Talk by Davide Vecchi: “Challenging the consensus: intrinsicalism and the minimal genome”

Date and Time: April 24, Monday, 16:00 p.m.

Location: Facultad de Educación, Filosofía y Antropología. Aula Polivalente (tercer piso).

Speaker: Davide Vecchi (Centre for Philosophy of Sciences, Department of History and Philosophy of Science, Faculty of Sciences, University of Lisbon, Portugal)

Title: Challenging the consensus: intrinsicalism and the minimal genome

Abstract: The consensus in philosophy of biology is based on the tenet that biological species are individuated only by relational properties (relationalism) and not by intrinsic ones (intrinsicalism). In this article I argue that the supporters of relationalism have not taken into account the possibility that minimal species genomes might exist. A minimal genome is a set of genetic properties that all and only the organisms belonging to a certain organismal lineage share. Hereby I critically analyse some prominent arguments that have been proposed to show intrinsicalism’s fallacy. I aim to show that the empirical evidence and the theoretical considerations in support for these arguments are weak. In particular, I show that gene conservation is a powerful evolutionary force able to preserve minimal genomes. I also consider in what sense the existence of a minimal genome would support intrinsicalism.

IAS-Research Talk by Davide Vecchi: “Biological individuality and the challenge posed by the ubiquity of multi-species partnerships”

Date and Time: April 25, Tuesday, 11:15 a.m.

Location: Carlos Santamaría Building, Room B14

Speaker: Davide Vecchi (Centre for Philosophy of Sciences, Department of History and Philosophy of Science, Faculty of Sciences, University of Lisbon, Portugal. In collaboration with Isaac Hernández, Université Toulouse Jean Jaurès, Laboratoire ERRAPHIS, PhiSciVi, France)

Title: Biological individuality and the challenge posed by the ubiquity of multi-species partnerships

Abstract: There exist at least two traditions approaching the problem of biological individuality differently. On the one hand, an evolutionary tradition. From this perspective, organisms are only one among many kinds of biological individuals, and individuation is an evolutionary process. On the other hand, a physiological tradition. From this perspective, individuation is an ontogenetic process that can be viewed as an act of closure from an ever-changing environment. The problem of either view is that partnerships between organisms belonging to different species are ubiquitous in the biological world. The first tradition is forced either to downplay the frequency of partnerships, or their evolutionary significance. The second tradition is forced to relinquish the autonomy of the partners and admit their reproductive, metabolic, developmental and physiologically openness, ultimately characterising closure more prosaically as a tendency rather than as an essential categorical property of biological systems. We shall propose that the many examples of partnership where the metabolic, reproductive, physiological and developmental limits of the partner entities cannot be precisely drawn are an ideal test case to think about biological individuality in new terms.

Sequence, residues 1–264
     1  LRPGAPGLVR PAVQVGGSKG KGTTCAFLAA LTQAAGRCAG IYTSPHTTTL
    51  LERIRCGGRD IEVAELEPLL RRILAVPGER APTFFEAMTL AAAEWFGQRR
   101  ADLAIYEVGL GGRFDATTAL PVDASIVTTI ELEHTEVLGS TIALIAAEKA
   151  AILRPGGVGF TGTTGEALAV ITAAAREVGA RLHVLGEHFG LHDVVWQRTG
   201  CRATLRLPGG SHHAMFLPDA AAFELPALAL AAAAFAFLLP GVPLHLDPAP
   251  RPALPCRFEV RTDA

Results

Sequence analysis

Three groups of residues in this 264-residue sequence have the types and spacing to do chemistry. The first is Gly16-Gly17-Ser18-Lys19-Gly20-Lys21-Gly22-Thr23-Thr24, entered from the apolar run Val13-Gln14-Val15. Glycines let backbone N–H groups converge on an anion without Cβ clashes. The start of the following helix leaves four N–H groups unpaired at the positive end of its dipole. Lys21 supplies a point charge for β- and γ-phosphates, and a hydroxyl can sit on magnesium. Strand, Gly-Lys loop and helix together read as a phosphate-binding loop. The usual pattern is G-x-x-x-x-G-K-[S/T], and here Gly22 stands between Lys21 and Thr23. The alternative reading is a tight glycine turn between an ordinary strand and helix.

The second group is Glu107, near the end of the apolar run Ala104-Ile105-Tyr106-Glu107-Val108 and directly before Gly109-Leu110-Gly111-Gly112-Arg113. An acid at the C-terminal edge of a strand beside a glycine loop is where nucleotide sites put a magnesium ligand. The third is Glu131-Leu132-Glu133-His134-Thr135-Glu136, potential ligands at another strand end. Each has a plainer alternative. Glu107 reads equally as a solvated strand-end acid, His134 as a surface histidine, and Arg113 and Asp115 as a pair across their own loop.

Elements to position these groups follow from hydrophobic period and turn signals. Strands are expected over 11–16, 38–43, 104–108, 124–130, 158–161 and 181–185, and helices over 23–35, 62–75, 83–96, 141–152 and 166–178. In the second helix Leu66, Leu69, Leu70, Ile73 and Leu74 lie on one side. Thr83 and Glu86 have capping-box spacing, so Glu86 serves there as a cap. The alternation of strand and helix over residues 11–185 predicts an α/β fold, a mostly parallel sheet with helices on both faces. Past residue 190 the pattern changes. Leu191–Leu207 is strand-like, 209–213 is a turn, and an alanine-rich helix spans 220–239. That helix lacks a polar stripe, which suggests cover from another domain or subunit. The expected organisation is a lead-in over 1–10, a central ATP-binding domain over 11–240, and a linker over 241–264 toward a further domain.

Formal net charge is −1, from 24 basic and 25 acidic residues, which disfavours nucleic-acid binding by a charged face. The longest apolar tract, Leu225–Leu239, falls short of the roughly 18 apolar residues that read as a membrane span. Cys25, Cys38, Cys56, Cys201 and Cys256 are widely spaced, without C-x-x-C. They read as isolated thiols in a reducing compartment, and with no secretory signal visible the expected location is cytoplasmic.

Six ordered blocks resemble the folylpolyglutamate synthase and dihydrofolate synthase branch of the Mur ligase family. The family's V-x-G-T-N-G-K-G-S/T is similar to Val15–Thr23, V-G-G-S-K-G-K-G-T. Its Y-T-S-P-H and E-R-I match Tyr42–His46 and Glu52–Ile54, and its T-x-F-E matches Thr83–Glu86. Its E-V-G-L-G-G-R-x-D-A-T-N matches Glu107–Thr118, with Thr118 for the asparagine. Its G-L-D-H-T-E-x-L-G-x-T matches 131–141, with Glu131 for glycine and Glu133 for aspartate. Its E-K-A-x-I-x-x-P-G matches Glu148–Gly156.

IAS-Research Talk by Francesca Michelini: “Keywords in Philosophy of Nature and Autonomy in Biology. On Hegel and Plessner’s Theories of Living Beings”

Date and Time: November 8, Tuesday, 11:30 a.m.

Location: Carlos Santamaría Building, Room B14

Speaker: Francesca Michelini teaches philosophy at the University of Kassel (Germany). She is co-founder member of the project cluster “Integrative Biophilosophie“ and member of the research program “Animal – Human Being – Society“ of the Hessen State Ministry of Higher Education, Research and the Arts. Her main subject of research is the intersection between History of Philosophy and Philosophy of Biology, and she is author of many publications in the fields of Philosophical Anthropology, Philosophy of Nature and Classical German Philosophy. In the field of Philosophy of Biology she has coauthored the books “Frontiere della Biologia“ (2014, with Jonathan Davis, in Italian) and “Oganisms: The Explanation of Aliveness“  (2016, with Georg Toepfer, in German).

Title: Keywords in Philosophy of Nature and Autonomy in Biology. On Hegel and Plessner’s Theories of Living Beings

Abstract: